Boots revealed it is to pay its new chief executive, Richard Baker, a "golden hello" of £1.6m yesterday as the 40-year-old retailer laid out plans to return Boots to its core business of health and beauty and undertake a radical makeover of its under-invested stores.
Mr Baker will be paid a base salary of £625,000 with a guaranteed 50 per cent bonus in his first year. He will receive £644,375 to compensate him for the loss of bonuses and share options due under his contract with Asda, where he was chief operating officer. Mr Baker is also eligible for Boots share options worth four times his salary.
He will join Boots on 15 September, the same date as Sir Nigel Rudd will succeed John McGrath as chairman. The current chief executive, Steve Russell, will leave Boots at the end of May after 36 years with the company. Mr Russell, whose strategy of diversifying into services such as Botox injections and aromatherapy has since been jettisoned, will receive a pay-off of £750,000 under the terms of his one-year contract. Mr Russell, 58, is eligible for a pension of £400,000 a year.
Though Boots shares have outperformed the retail sector and the stock market during Mr Russell's tenure, the City lost faith in the strategy with new ventures overseas and in digital businesses racking up huge losses. Mr McGrath had become frustrated with the pace of change.
Fizzing with enthusiasm about his appointment yesterday, Mr Baker said: "It's very exciting. Boots is a fantastic company with high integrity and it has a leading position in markets with natural growth in them." He added that he would return Boots to its roots as a pharmacist and health and cosmetics retailer. "Boots has been focusing around the peripheries instead of concentrating on its core as a dispensing chemist and a retailer of health and beauty products," he said. "There's a lot of value in the core business."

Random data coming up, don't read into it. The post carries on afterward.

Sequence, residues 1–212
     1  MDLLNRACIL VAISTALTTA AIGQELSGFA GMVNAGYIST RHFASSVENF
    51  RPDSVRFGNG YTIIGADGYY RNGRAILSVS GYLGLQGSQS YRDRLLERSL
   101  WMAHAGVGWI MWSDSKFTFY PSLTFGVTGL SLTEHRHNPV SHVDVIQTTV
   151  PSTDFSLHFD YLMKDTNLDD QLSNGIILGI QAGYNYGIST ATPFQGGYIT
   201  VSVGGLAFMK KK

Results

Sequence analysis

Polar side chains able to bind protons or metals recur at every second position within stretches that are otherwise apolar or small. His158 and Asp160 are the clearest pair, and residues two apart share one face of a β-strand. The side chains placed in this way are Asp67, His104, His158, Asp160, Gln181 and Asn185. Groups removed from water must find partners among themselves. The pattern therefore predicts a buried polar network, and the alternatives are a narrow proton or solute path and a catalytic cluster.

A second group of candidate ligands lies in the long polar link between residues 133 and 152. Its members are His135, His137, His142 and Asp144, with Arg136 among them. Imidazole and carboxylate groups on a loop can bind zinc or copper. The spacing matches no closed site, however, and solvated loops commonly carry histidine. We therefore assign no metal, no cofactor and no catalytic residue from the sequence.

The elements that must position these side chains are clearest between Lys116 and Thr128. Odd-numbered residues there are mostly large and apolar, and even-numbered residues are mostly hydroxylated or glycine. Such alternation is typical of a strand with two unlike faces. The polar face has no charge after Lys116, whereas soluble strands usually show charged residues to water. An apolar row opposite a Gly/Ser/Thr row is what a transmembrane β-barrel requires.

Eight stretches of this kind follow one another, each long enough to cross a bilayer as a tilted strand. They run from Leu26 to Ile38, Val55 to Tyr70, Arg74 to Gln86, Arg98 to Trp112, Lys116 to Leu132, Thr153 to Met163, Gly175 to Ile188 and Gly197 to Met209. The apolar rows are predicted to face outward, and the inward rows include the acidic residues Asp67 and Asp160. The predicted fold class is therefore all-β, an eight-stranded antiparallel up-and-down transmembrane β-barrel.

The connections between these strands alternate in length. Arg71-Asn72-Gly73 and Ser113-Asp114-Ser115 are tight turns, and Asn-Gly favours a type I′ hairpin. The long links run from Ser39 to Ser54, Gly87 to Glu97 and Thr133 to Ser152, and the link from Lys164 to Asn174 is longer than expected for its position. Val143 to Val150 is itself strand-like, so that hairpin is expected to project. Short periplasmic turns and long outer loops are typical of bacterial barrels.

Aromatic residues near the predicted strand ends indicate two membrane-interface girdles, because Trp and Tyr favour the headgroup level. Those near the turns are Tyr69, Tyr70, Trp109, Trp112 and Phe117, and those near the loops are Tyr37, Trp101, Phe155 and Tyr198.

Asked whether its dowdy, old-fashioned stores would receive a makeover, he said: "I think so. They feel under-invested and the fixtures feel like they are from a different age. I'm not going to talk too much about strategy but part of it will be about making the retail business more efficient and customer-centred."
He said some of Boots's services such as optical surgery and dentistry "seemed to work well". But he added that others had "gone a bit too far, too fast".
Mr McGrath said: "What Richard will bring Boots is a bit of both worlds. We are a retailer and a brand owner. We've got someone with nine years' experience at Mars, which is an academy of marketing, plus his experience at Asda."
Reaction to the appointment was mixed. Nick Bubb at Evolution Beeson Gregory said: "It's a trade-off between the hunger, which he's got, and the experience, which he might not."
Mr Baker said he did not envisage any problems working with Sir Nigel despite comments that Sir Nigel might take a very hands-on role as non-executive chairman. "We have a good mix of skills. Nigel has a wide range of experience in industry and a lot of experience with the City. I'm not one for playing politics," he said.
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